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– Granger tells party Congress
“People who cannot change their attitudes and conduct will never change anything,” outgoing Leader of the People’s National Congress Reform (PNCR), David Granger told delegates during a closed door meeting at the Party’s 21st Biennial Delegates Congress on Saturday.
In his virtual address, Granger, who did not seek re-election, said progress is impossible without change, and performance cannot be improved by repeating unrealistic remedies. He said Forbes Burnham, PNCR’s Founder-Leader, was concerned always about change in the country and the party’s ability to respond to contemporary challenges. Burnham, he said, managed the PNC’s transition from a party in opposition to one in government.
“He saw the need for change in the party’s political culture and realised that there was a need for renewal of the party’s leadership, stewardship and political partnerships in order to govern effectively and to promote public trust,” Granger reasoned. He said it was Burnham who set Guyana on a course to transform a backward colony into an advanced republic.
Alluding to the Founder-Leader’s address at the party’s 1st Biennial Delegates’ Congress in 1975, Granger, for a second time, warned of the danger of factionalism. “To be sponsoring and joining factions in the Party is to indulge in anti-Party activity calculated to weaken, if not aimed at weakening, the Party. There may be different motivations, some springing from personal ambition, others from a minority position firmly held. Whichever it may be, the objective result is undesirable and deleterious,” the outgoing Leader said as he quoted Burnham.
Granger said Desmond Hoyte, PNCR’s second Leader, who was elected at the 6th Biennial Delegates Congress in 1985, and re-elected repeatedly up to the 13th Biennial Congress in 2002 also understood importance of change.
“That period degenerated into a ‘decade of discord’ during which dissidents defiantly undermined his authority and schismatics splintered the party’s solidarity,” Granger recalled, while pointing out that Hoyte in his final address in 2002, also warned the party of the danger of disunity.
“He pleaded for change in the party’s political culture, using the word ‘change’ twenty-one times in his Congress address,” Granger pointed out.
In his address, Hoyte said: “Change is as necessary a part of politics as it is of life. Those who do not change become dinosaurs, irrelevant and, eventually, extinct. Change is as necessary a part of politics as it is of life. If we do not adapt to new circumstance, new challenges and new responsibilities we cannot survive, much less overcome.”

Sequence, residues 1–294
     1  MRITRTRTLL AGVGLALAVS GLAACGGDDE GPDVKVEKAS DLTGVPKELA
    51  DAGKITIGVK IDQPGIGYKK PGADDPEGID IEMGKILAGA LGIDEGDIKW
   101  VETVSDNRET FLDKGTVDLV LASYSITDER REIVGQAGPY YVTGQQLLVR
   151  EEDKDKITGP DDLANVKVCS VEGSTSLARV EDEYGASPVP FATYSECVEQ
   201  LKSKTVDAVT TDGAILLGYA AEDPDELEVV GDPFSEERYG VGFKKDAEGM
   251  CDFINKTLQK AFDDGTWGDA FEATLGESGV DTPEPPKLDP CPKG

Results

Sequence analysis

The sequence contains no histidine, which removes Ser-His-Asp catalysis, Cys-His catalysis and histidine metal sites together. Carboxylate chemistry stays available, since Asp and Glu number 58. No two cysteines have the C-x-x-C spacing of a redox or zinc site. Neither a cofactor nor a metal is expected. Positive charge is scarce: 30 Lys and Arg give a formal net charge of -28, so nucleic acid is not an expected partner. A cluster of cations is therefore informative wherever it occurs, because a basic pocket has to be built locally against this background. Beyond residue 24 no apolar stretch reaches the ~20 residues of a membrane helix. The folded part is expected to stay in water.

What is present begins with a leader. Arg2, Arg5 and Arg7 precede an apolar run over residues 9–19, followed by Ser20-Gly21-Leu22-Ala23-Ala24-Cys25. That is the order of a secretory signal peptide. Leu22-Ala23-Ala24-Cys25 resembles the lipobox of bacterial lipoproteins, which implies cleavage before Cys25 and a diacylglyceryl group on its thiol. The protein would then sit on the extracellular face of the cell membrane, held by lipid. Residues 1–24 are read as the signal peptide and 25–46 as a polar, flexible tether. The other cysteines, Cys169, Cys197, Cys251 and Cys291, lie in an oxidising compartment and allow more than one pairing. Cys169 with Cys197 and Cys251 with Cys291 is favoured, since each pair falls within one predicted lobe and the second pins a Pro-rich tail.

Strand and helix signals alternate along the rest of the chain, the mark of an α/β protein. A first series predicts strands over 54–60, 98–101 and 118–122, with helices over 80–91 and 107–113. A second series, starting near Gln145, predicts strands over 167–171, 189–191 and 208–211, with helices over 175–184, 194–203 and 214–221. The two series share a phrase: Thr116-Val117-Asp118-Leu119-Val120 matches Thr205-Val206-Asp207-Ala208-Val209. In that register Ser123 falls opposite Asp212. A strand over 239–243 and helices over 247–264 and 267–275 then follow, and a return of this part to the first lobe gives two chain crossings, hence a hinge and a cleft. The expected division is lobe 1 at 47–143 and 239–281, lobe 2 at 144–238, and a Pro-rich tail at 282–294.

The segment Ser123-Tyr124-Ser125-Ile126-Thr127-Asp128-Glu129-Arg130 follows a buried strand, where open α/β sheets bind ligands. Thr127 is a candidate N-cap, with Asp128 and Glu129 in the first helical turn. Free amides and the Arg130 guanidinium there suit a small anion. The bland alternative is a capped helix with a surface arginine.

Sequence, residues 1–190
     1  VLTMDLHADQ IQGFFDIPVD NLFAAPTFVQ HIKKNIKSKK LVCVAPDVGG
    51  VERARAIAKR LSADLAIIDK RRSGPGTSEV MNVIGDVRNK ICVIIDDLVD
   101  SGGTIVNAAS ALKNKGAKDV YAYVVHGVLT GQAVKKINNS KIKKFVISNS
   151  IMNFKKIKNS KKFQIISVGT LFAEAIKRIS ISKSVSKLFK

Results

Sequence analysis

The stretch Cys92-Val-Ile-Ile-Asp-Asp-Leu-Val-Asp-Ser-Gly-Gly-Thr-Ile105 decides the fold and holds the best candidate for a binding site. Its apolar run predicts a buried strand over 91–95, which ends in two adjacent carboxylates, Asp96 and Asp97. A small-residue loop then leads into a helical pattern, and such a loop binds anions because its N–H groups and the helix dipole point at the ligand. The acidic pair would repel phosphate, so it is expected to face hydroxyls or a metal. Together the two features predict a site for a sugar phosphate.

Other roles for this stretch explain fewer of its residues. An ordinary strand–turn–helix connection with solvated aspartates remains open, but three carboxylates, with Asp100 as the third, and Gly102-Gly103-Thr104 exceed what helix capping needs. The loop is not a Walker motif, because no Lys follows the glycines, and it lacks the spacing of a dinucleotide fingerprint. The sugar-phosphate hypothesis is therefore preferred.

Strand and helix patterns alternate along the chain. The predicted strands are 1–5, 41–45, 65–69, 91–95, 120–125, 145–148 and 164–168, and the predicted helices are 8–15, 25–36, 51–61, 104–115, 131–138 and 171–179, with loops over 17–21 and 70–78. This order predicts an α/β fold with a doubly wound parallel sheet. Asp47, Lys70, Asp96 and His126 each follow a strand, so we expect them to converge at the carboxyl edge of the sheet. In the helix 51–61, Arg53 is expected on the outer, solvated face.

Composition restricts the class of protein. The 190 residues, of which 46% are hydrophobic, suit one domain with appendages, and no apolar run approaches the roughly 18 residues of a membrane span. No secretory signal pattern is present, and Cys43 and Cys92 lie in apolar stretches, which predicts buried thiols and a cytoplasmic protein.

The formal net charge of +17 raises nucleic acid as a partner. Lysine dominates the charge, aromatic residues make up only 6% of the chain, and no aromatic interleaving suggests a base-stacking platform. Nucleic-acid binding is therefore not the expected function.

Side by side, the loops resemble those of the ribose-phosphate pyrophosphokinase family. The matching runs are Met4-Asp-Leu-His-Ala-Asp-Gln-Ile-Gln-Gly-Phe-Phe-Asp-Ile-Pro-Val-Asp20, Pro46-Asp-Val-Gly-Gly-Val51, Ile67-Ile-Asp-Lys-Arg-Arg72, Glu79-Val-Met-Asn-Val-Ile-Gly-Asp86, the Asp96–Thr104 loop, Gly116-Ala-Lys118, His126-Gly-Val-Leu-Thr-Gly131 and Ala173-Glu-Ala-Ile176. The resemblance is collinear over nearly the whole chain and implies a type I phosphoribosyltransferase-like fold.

It was noted that Hoyte’s emphasis on change was not misplaced.
“The party was afflicted by factionalism from its first year of existence in 1958. Some persons seemed not to accept that the “party” was more important than any ‘personality; that they were elected to office not to satisfy their private hunger for wealth or their personal passion for power but to serve the people who they represented,” Granger said.
According to him, the party has a sad record of revolt. Citing a total of five examples, Granger contended that Jai Narine Singh, the first General Secretary, allowed personal and political
ambition to smother party allegiance, and broke away to form the Guianese Independence Movement party.
“Sidney King, (later Eusi Kwayana), also a former General Secretary, broke from the PNC in 1961 and helped to establish the Working People’s Alliance party. Hamilton Green, another former General Secretary, broke from the Party in 1993 and established the Good and Green for Guyana party. Raphael Trotman, an elected PNC Member of Parliament, broke from the Party in 2005 and established the Alliance For Change party,” the outgoing Leader pointed out while adding that “the Guiana Independence Movement, the Working People’s Alliance, the Good and Green for Guyana and the Alliance For Change all wounded their ‘mother’ party!”
Granger said the present decade demands members’ rededication to the people’s development, and therefore, they should not allow for another period of personal rivalry. He said Congress should teach the lessons of the party’s past rifts and the excruciating experiences of its leaders. “Congress’s task, in this decade, is to sustain solidarity by knitting groups together, not splitting them apart; by building up, not breaking down; by multiplying membership – not dividing and subtracting – thereby promoting public trust in the Party,” he said while warning that the party can achieve much by changing its political culture by suppressing schisms and factionalism for the common good.